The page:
Photographic FilmFilm has been the dominant technology for capturing images for photographers, medical practitioners, and researchers for more than 250 years. Now it’s no longer the sole option. Digital technologies are beginning to impact the future of film. Here’s how and why:

  1. Digital technology is being widely adopted across many different fields including photography, medicine, and scientific research.
  2. The affordability and supply of film has been threatened with the increase of raw material and production costs.
  3. New rules and regulations have been passed in relation to global preservation and green movements.

Because of this, several prominent companies including Kodak and Fujifilm have reevaluated their business initiatives and made decisions regarding the manufacture of certain film-related products.

Get out of the DarkroomIn addition, many universities and institutions are reconsidering their rules and regulations for the disposal and use of hazardous wastes. In general, policies are being made more stringent and punishments for non-compliance more severe. In fact, many new research and medical buildings are being built without darkrooms or the equipment necessary to process film.

Being aware of how these issues, and others, affect the future of film is essential to being able to continue the same quality, or better quality work than you are producing now. Preparing for the future by considering alternative imaging options is becoming more and more essential—especially when processing film comes with additional expenditures and concerns, and requires protocols that rely on toxic chemicals and large amounts of water.

Our next blog post will show you how the cost of raw materials influences the availability and cost of film.

Related Posts:

  • What is the Future of Film Use for Western Blot Imaging?
  • The History of Film. What Does It Tell Us About The Future of Using Film for Western Blot Imaging?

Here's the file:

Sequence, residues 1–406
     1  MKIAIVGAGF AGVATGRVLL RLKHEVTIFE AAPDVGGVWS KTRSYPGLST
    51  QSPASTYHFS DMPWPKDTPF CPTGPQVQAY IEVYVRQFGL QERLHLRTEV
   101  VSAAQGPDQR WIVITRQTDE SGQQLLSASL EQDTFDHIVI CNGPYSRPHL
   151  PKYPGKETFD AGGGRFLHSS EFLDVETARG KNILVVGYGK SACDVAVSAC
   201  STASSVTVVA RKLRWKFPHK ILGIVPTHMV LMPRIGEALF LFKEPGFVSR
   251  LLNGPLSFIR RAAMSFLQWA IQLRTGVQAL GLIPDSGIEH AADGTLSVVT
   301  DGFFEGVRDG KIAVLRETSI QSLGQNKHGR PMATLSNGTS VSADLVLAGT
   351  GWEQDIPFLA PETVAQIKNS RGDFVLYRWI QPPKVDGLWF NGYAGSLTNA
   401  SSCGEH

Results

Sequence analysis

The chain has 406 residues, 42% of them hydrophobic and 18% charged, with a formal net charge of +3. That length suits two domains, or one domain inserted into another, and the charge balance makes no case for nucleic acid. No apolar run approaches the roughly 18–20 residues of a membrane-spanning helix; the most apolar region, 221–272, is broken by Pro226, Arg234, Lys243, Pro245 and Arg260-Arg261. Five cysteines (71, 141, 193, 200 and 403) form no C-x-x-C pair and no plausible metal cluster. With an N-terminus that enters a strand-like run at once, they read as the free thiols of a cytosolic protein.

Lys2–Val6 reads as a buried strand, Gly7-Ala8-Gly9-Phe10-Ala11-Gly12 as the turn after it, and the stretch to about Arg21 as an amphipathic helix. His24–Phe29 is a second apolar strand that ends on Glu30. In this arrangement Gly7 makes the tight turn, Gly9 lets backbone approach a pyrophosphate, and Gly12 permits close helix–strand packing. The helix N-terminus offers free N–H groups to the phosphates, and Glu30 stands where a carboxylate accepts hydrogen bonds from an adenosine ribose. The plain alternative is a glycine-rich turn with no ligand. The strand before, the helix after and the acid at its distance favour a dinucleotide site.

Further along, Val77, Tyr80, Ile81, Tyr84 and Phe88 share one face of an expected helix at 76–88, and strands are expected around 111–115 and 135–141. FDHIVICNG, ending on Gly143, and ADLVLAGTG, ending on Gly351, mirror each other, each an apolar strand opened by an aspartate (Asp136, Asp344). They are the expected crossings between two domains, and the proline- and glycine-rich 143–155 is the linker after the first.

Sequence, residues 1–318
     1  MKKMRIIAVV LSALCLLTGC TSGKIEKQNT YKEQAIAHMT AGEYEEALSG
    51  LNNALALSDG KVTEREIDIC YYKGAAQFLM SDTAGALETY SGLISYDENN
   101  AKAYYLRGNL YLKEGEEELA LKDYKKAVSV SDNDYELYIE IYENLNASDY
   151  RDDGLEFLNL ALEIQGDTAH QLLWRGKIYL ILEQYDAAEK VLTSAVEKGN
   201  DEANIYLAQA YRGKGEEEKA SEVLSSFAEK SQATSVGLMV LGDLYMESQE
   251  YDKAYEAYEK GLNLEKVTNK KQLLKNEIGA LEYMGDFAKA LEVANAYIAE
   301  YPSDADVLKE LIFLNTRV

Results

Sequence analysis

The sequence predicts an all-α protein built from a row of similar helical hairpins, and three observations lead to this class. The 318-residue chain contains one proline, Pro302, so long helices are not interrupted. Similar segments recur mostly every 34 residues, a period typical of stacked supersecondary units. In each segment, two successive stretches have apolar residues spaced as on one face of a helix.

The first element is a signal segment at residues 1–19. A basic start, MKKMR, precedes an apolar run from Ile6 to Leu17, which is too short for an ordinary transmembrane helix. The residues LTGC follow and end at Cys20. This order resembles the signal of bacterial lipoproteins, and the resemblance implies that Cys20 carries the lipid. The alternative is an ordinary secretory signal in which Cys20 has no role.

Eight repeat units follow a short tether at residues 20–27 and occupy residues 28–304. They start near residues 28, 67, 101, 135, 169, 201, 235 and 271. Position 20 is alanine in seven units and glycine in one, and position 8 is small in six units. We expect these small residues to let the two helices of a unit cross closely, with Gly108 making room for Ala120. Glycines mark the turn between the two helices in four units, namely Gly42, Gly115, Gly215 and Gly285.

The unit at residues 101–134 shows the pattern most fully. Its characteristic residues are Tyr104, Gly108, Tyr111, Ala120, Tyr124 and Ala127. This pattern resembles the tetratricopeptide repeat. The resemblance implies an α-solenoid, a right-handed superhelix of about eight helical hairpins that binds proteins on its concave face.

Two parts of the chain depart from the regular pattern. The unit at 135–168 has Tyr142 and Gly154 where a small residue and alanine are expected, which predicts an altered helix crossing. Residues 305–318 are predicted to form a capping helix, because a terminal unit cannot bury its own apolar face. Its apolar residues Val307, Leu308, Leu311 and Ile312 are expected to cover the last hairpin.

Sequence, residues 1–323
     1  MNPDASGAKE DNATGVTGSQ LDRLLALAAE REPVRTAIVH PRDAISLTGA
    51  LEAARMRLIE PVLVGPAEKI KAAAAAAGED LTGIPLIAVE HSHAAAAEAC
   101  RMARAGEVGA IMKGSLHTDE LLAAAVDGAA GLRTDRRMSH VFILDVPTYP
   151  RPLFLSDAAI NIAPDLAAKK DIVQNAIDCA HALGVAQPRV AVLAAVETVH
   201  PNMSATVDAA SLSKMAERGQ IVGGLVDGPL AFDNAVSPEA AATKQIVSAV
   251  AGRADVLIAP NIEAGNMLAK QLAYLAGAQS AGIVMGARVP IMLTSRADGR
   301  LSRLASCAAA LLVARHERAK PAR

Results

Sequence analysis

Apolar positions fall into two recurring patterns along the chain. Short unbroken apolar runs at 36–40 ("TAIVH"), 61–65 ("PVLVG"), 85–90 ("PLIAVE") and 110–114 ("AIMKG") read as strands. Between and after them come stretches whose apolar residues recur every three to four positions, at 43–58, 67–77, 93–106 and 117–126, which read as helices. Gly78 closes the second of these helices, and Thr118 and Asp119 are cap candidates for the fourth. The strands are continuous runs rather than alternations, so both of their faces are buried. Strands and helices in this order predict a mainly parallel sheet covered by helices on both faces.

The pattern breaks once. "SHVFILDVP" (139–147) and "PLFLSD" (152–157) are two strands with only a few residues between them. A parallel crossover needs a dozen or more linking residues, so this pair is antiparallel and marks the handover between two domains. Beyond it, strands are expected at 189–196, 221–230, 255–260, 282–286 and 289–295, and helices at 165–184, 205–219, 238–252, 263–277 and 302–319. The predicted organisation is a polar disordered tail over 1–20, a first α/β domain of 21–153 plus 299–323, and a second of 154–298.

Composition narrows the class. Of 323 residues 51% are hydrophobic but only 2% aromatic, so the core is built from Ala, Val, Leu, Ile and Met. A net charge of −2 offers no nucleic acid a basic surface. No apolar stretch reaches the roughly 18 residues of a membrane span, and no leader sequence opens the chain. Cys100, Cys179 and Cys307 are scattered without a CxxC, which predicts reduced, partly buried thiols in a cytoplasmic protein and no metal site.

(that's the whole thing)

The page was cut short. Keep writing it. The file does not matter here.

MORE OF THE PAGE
• The History of Film. What Does It Tell Us About The Future of Using Film for Western Blot Images?

    small green question markIf you capture Western blot images, chances are you use photographic film and it is fundamental in your daily research activities. But, how much do you really know about it? What IS the future of film use for Western blot imaging?

    Test your knowledge with the questions below:

    Poll Question 1:
    [polldaddy poll=7475861]
    More than 100 years later, Louis Daguerre, a French painter, placed liquid iodine on a silvered copper plate to capture images. He called this process daguerreotyping. Later, in 1875, German physicist, Wilhelm Conrad Rontgen accidentally discovered the X-ray while observing one of these photographic plates.

    Poll Question 2:
    [polldaddy poll=7475874]
    In 1885, George Eastman, an American entrepreneur, invented the first flexible film. Four years later, the first film camera was introduced and KODAK was born.

    Poll Question 3:
    [polldaddy poll=7475881]
    Follow the next five blog posts to learn about how film’s solid foundation and wide use has been interrupted by recent technological developments.

    Related Posts:

    • What is the Future of Film Use for Western Blot Imaging?
    • Here are the answers to the questions. Let’s see how you did.

      • Poll Question 1: white to purple
      • Poll Question 2: his wife’s hand and wedding ring
      • Poll Question 3: 1979

      How did you do? Tweet us your score (3 of 3, 2 of 3, 1 of 3) to @WesternBlotting. We’ll retweet you!

      What is the Future of Film Use for Western Blot Imaging?

      Western Blot and Hand X-RayX-ray film is a researcher’s Western blotting staple. Chances are you, and many others like you, rely on photographic film to generate results every day. But did you know that the future of this historical technology is being threatened?

      Without warning, several modern day innovations have begun to impact its availability. We’ve gathered the facts, and put together some startling information on the future of film.

      It’s not clear exactly how long we have until photographic film becomes obsolete, but factors such as:

      • product demand
      • the price of raw production materials, and
      • the decisions of manufacturers

      will all have a significant influence on film’s future over the next several years.

      Follow the next six blog posts to learn how the three factors above have and will influence the future of photographic film.

      If you are starting to worry about film going away, find out about digital imaging for chemiluminescent Western blots or infrared fluorescent Western blots!

      Weak Chemiluminescent Western Blot Signals: Possible Cause 3 – Wrong Membrane Placement